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The family home may be considered an asset for people that may apply for a pension. Your thoughts on this social question?


Posted anonymously, 4th February 2017


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  • Its not a fluid asset so should not be counted.


  • It certainly isn’t a fluid asset… if you needed money for food/bills etc. you could hardly sell it to get some spare cash in the same way you could sell a car, or piece of furniture, shares or jewellery etc…. so in most cases it isn’t very fair to count it when testing to see if someone is eligible for some support to continue living. If people don’t have a roof over their heads, but sell it to survive, they only make themselves more needy in the long term; and give society more of a problem in how they are cared for… people will keep downgrading and downgrading until they are living in a cardboard box and have no home assets left. Then what? you have to find places for them to live all over again (as well as give them the pension you probably should have given them in the first place). Or maybe old people will have to move to country ghettos (those places where a mansion can’t sell for $1) and then they can carry on living independently and get the pension they need for food because their beautiful large home is deemed to be worth next to nothing, although the same home next to a hospital in town might mean they have “too much” to get their money for food. As I think about it the more non-sense it seems.


  • Yes it is an asset – no it is not easily accessible in terms of income. Elderly people shouldn’t have to sell it to be eligible for a pension. Cheaper to provide services in the home. On the other hand there should be limits – if it is worth millions it should be counted.


  • I think it’s disgusting how the government is taking money from society’s most needy to supplement shortfalls. Children’s money is being reduced, disability is being re rated making it harder, pensioners are faring penalised for buying a home. Why is it, whenever the government needs money, they take from the poor first? How about they start with themselves? Cut their pays, their pensions and their perks.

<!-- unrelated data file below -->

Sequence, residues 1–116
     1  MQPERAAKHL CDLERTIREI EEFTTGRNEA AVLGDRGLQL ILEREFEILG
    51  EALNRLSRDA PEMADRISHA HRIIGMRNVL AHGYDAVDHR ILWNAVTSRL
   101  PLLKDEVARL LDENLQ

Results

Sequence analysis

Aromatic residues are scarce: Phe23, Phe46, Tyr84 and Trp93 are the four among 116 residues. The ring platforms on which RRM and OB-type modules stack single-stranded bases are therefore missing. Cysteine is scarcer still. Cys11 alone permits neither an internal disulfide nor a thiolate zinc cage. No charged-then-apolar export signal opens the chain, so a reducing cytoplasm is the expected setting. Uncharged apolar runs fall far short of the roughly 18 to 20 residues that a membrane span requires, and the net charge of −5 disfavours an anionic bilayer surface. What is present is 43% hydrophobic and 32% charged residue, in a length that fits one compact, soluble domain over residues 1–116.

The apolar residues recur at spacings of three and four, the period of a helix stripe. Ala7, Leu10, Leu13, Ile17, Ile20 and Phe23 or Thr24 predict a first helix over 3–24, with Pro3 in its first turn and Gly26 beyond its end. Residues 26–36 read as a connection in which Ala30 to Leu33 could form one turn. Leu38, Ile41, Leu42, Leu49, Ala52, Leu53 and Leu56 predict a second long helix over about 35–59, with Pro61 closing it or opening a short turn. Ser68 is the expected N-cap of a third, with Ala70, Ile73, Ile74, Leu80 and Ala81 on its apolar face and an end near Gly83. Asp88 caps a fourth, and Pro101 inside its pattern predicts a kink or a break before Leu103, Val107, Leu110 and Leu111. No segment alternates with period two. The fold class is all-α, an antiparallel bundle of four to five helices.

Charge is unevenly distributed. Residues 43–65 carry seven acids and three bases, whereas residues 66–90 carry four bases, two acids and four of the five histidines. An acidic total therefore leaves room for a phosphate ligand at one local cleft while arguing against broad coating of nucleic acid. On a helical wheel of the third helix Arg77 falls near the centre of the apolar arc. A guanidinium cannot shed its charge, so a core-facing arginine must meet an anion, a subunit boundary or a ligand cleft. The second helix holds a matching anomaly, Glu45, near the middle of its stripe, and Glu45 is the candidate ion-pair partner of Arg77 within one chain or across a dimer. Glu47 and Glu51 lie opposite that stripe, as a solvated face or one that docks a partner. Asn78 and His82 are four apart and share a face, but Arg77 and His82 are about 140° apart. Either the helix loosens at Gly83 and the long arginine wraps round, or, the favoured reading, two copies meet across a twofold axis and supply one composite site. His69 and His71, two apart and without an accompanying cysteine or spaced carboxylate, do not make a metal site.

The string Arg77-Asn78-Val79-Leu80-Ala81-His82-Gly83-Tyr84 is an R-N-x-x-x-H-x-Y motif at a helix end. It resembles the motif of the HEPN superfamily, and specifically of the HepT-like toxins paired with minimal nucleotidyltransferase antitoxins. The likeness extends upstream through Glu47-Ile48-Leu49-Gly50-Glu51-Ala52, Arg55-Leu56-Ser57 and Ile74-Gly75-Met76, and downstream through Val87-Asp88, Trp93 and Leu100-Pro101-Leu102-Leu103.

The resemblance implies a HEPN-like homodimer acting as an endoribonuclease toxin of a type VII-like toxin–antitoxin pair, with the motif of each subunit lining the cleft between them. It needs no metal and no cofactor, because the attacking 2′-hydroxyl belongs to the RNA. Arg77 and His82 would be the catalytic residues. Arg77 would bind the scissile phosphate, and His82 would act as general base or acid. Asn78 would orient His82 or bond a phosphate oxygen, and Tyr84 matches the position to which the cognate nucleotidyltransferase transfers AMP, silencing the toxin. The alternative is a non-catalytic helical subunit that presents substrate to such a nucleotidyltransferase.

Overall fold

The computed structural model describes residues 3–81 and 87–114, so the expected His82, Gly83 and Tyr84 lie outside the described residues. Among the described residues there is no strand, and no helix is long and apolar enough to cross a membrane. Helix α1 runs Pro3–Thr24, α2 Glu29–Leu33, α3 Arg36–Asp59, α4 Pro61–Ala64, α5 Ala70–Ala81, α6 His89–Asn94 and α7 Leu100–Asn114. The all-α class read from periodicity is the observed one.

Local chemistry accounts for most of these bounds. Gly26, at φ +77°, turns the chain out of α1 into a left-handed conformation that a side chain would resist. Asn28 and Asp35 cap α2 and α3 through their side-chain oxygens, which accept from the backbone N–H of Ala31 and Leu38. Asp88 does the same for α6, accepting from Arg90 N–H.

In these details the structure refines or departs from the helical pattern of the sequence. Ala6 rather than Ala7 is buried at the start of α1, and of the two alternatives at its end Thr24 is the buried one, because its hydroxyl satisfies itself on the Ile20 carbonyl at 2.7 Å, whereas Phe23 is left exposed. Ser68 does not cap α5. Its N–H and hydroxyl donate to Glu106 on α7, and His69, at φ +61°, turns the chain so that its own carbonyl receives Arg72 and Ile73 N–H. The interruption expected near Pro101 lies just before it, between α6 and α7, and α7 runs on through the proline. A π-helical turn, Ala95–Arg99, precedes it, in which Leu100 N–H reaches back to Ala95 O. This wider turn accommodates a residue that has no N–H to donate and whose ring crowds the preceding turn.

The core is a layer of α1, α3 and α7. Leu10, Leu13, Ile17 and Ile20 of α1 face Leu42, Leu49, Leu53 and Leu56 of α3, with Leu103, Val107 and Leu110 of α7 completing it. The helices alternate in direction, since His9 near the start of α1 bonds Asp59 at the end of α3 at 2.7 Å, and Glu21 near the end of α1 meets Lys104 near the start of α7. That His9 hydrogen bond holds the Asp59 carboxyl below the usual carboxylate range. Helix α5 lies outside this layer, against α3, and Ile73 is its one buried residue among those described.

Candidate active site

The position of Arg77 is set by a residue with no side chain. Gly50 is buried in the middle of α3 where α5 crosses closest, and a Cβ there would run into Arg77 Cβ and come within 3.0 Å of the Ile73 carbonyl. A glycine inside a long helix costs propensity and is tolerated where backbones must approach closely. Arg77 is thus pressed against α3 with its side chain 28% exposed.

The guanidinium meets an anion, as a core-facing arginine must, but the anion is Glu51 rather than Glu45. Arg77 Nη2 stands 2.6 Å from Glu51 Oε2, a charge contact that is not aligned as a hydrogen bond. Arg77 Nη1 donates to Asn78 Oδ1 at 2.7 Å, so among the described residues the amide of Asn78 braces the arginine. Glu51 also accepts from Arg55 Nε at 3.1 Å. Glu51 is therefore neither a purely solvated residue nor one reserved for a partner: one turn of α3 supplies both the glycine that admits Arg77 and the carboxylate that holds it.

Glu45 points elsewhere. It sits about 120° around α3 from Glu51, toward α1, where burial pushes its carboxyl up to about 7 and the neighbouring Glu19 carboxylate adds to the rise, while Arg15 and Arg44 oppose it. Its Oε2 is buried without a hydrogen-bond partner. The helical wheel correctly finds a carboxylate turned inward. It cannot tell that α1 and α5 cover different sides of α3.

• My parents have to live on their land for 20 years for it not to be considered an asset as its on acres before they are entittled to the full aged pension.. Lucky for them they only have a year or so left before they are entilled to the full amount.. While this has caused them hardship they just manage to scrape through living a basic lifestyle.. No luxuries.. They have worked hard over 50 years to get this house .. and never relied on pensions before they recently retired..


  • Complicated – even modest homes can rise dramatically in value depending on where they are, and it doesn’t seem fair to force people out of homes with a lifetime of memories.


  • A family home is most definitely an asset. The amount should be taken into effect though but on other hands we don’t know if people have worked hard to pay off or its a result of inheritance etc.


  • I wish there was more information and articles on this area of concern.


  • While the family home is an asset, I think whether a mortgage is still payable on it should come into effect.


  • My concern is that the wealthy will still benefit and the poor will suffer.


  • I would set a limit on the value though. Eg if it’s over a certain amount, then yes it should be included in the assets


  • In my idea it is quite logic to consider the family home as an asset. It will probably be considered when it’s beyond a certain value anyway, so I guess that most people who apply for a pension will still be inside the limits. Giving a pension to people owning a one million or two million dollar family home, would be quite unfair.


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